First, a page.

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Re: Pre-surgery cautions re: eating potatoes, tomatoes, eggplant

Good to know, if I had to have surgery I'd need all the help I could get.

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Re: Pre-surgery cautions re: eating potatoes, tomatoes, eggplant


@Homegirl wrote:

Thanks for looking into this, @Mindy D 

I did not think it would have become finalized any time soon, but was hoping for some progress from the full study linked at the bottom of the original article.

 


If this research looks promising enough, rest assured some big pharma company will follow up with it, however, these companies are not fond of preventing illnesses they make billions on treating.

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Re: Pre-surgery cautions re: eating potatoes, tomatoes, eggplant


@blackhole99 wrote:

Good to know, if I had to have surgery I'd need all the help I could get.


It’s not a big deal. If you feel like it, you could avoid eating potatoes a couple days before   getting procedures requiring general anesthesia. If you don’t avoid potatoes, it’s improbable that there will be any noticeable deleterious effect. 

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Re: Pre-surgery cautions re: eating potatoes, tomatoes, eggplant

When I eat an apple, I eat everything except the stem.

 

 

I have consumed many a seed over the years, and have never suffered any ill effects as a result.

 

Now, if I were to eat pounds of apple seeds, maybe I would, but I'm not going to go running to call Poision Control, just because I consumed a few apple seeds.

 

I have even come across an odd potato chip that had a spot of green on it, and yup, ate that chip too.

 

Never had any ill effects from eating that chip that had a spot of green on it.

 

 

 

The Sky looks different when you have someone you love up there.
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Re: Pre-surgery cautions re: eating potatoes, tomatoes, eggplant


@Anonymous032819 wrote:

When I eat an apple, I eat everything except the stem.

 

 

I have consumed many a seed over the years, and have never suffered any ill effects as a result.

 

Now, if I were to eat pounds of apple seeds, maybe I would, but I'm not going to go running to call Poision Control, just because I consumed a few apple seeds.

 

I have even come across an odd potato chip that had a spot of green on it, and yup, ate that chip too.

 

Never had any ill effects from eating that chip that had a spot of green on it.

 

 

 


 

Yeah, but you probably have an apple tree growing in your stomach*.  Smiley Very Happy

 

(*Recalling the days, as a kid, when watermelons were full of seeds and we were told that if we ate the seeds we would have watermelons growing in our stomachs.)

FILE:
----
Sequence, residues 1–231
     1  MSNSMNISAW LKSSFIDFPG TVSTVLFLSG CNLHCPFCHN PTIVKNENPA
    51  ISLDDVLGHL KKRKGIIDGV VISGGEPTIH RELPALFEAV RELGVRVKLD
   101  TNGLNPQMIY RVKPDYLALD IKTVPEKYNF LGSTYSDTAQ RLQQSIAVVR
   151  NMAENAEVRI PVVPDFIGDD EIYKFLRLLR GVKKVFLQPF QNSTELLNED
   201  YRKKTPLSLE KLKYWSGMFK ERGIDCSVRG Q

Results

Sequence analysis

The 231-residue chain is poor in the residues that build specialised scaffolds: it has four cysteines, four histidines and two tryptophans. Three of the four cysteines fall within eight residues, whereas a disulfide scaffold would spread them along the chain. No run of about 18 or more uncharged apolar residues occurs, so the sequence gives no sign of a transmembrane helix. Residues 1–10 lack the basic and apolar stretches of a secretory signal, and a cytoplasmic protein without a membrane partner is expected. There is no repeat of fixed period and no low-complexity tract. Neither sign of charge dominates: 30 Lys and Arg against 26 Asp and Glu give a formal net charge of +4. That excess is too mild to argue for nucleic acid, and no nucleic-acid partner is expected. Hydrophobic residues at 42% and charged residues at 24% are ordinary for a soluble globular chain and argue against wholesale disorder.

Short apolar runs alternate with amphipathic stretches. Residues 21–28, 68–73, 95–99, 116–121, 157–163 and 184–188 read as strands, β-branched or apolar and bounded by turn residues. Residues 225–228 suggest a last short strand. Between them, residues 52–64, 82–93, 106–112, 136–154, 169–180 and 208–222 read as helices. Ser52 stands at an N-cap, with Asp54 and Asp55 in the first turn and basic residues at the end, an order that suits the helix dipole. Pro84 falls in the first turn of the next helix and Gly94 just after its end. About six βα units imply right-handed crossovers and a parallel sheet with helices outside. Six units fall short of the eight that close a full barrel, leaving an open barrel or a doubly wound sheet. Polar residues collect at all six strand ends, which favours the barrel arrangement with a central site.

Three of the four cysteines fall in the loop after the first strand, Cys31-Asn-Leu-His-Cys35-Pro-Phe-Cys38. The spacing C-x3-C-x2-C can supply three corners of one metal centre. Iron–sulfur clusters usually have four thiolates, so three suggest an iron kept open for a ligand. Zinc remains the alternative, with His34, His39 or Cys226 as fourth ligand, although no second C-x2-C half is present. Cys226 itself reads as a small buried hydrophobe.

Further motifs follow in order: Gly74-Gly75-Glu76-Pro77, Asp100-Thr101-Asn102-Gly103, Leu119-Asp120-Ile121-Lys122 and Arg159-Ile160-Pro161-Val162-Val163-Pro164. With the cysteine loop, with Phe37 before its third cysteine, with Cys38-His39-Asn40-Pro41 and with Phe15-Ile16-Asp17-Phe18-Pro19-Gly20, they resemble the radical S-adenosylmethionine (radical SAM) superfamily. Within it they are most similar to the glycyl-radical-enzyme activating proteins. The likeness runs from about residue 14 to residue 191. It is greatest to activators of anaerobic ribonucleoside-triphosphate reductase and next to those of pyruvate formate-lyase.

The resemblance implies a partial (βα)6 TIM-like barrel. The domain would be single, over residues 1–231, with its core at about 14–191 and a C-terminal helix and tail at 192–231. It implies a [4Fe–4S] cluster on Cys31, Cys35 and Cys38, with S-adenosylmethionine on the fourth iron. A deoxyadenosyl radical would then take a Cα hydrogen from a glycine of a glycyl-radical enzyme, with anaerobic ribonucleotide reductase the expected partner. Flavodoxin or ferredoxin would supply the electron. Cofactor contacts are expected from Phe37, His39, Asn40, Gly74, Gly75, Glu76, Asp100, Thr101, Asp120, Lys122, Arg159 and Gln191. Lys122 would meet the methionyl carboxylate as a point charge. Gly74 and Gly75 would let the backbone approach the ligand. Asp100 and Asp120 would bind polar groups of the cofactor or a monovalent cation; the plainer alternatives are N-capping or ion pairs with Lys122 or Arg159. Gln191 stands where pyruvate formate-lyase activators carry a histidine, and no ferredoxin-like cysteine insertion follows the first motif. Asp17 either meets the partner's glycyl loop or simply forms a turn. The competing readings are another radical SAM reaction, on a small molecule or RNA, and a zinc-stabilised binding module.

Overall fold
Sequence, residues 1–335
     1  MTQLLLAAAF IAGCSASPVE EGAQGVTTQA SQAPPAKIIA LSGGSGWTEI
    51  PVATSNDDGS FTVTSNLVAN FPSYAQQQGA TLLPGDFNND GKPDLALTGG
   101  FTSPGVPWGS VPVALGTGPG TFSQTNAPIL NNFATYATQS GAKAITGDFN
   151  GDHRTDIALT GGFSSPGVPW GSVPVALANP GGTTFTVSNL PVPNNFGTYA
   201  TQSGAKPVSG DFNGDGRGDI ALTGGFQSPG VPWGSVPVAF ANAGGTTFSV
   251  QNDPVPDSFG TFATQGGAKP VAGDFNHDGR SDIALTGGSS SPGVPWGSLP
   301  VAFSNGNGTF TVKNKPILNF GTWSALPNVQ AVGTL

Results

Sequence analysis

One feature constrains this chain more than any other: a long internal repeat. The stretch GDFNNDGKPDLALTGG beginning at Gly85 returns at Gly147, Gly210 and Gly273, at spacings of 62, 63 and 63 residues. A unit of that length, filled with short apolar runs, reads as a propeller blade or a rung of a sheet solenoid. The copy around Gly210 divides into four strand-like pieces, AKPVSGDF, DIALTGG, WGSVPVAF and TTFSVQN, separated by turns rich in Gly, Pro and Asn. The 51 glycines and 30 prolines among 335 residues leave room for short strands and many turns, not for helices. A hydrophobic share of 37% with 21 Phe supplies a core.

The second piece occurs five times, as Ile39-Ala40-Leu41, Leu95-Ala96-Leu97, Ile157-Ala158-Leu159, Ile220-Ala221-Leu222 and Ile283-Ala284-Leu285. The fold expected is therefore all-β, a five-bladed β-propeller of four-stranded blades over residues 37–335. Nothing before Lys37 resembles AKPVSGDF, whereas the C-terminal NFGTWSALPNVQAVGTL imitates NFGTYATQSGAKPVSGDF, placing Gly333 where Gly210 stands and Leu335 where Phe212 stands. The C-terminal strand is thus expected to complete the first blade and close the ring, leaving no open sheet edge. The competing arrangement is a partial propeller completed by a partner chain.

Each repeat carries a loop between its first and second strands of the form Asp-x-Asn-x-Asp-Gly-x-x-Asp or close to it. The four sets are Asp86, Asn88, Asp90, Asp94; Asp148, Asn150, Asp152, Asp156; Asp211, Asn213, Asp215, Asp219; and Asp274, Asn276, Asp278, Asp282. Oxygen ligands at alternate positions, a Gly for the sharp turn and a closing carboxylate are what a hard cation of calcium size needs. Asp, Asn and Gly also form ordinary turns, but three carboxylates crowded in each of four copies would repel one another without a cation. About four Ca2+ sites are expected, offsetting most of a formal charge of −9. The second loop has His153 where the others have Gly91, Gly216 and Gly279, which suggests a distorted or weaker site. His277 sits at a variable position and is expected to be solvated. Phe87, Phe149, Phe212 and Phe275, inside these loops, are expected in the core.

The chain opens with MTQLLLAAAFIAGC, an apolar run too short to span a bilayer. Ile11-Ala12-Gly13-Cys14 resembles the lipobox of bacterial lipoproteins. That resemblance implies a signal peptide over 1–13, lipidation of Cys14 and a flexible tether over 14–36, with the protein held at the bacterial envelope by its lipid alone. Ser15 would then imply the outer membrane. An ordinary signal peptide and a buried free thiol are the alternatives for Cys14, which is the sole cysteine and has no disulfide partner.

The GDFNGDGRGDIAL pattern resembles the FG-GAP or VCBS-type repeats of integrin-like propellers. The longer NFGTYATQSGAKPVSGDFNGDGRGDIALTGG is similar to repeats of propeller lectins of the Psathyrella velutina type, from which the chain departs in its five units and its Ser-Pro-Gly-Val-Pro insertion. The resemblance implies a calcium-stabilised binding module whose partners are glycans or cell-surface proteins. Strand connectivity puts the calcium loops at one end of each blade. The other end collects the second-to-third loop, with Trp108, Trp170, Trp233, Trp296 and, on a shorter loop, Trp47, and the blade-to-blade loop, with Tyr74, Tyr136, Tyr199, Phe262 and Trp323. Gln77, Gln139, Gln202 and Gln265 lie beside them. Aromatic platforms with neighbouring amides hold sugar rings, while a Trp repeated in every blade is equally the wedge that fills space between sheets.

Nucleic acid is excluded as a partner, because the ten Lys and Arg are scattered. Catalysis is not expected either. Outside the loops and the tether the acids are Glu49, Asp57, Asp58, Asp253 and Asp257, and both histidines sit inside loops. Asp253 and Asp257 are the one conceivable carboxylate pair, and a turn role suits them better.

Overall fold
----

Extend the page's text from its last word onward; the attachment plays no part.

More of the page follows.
Seriously, though, thanks to all who have provided info for us all!  Smiley Happy

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Re: Pre-surgery cautions re: eating potatoes, tomatoes, eggplant

@hckynut  Thanks for the 411 to me.Smiley Happy As I've said repeatedly, everyone is different.

 

Each of us must be aware of our OWN BODY.  As I've also mentioned I was raised by my Grandma.  Her mother was an American Indian.  

 

My Grandma always taught me to listen to my body, it would tell me what it needs (she didn't specifically say it that way (as she believed in simplicity) but that's what she meant.

 

I've always listened to my body (especially when it comes to medicine).  Interesting, your post.

 

I remember a conversation I had with the cardiologist.  He said, "Why don't you like to take some of the medicine I'd like to try on you."

 

I said, "Well, think about it.  How often have you prescribed a medicine and then the person has to take another medicine to counter the medicine you've prescribed?"

 

He didn't say anything for a few seconds and then he said, "I see your point.  It does happen more frequently than people think".

 

So, if a Dr tells me it's vitally important I take the medicine, I'll research it and then take it.  

 

Recently, my arthritis Dr prescribed Cymbalta for my arthritis/fibromyalgia.  I go to another Dr who manages my back spasms and terrible pain.  When I had double knee replacement (at the same time) the (I call her pain Dr, but she specializes with back pain) she controlled the pain medicine during rehab (after the operation).  That Dr said to me, "I've had more trouble getting people off of the Cymbalta than any Oxy or other kind of medicine.  I've seen people suffer greatly trying to get off of Cymbalta.

 

I took one Cymbalta and got sick as a dog.  This was before the discussion with the pain Dr.  I was telling her about being so sick.  That's when she told me about the Cymbalta.

 

Obviously, many people take it and they swear by it.  I decided I'd rather live with the arthritis pain.  It doesn't keep my fingers from going wonky so I'll live with the pain.

 

Now you know why I say what I do.  I'm glad you are alive too as I do enjoy reading your posts.

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Re: Pre-surgery cautions re: eating potatoes, tomatoes, eggplant

[ Edited ]

@novamc wrote:

@Mindy D 

 

My eyes probably look similar to that when the opthamologist dilates them during exams.

 

However, I never get to see  a close-up view of how that dilation can look.

 

I think the photo you posted is amusing and could be used with a variety of different humorous or scary captions, maybe for Halloween.

 

Not sure how any folks, many years ago, considered that look "seductive".


Yep. Opthamologiets still use atropine to dilate the eyes.71DD8E95-E7B6-443F-9B07-326745247278.jpeg

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Re: Pre-surgery cautions re: eating potatoes, tomatoes, eggplant


@Mindy D wrote:
hckynut, here is one study showing the ANTI-INFLAMMATORY, beneficial, properties of potatoes. Inflammation is MEASUREABLE; using the measurement of specific markers present in the body.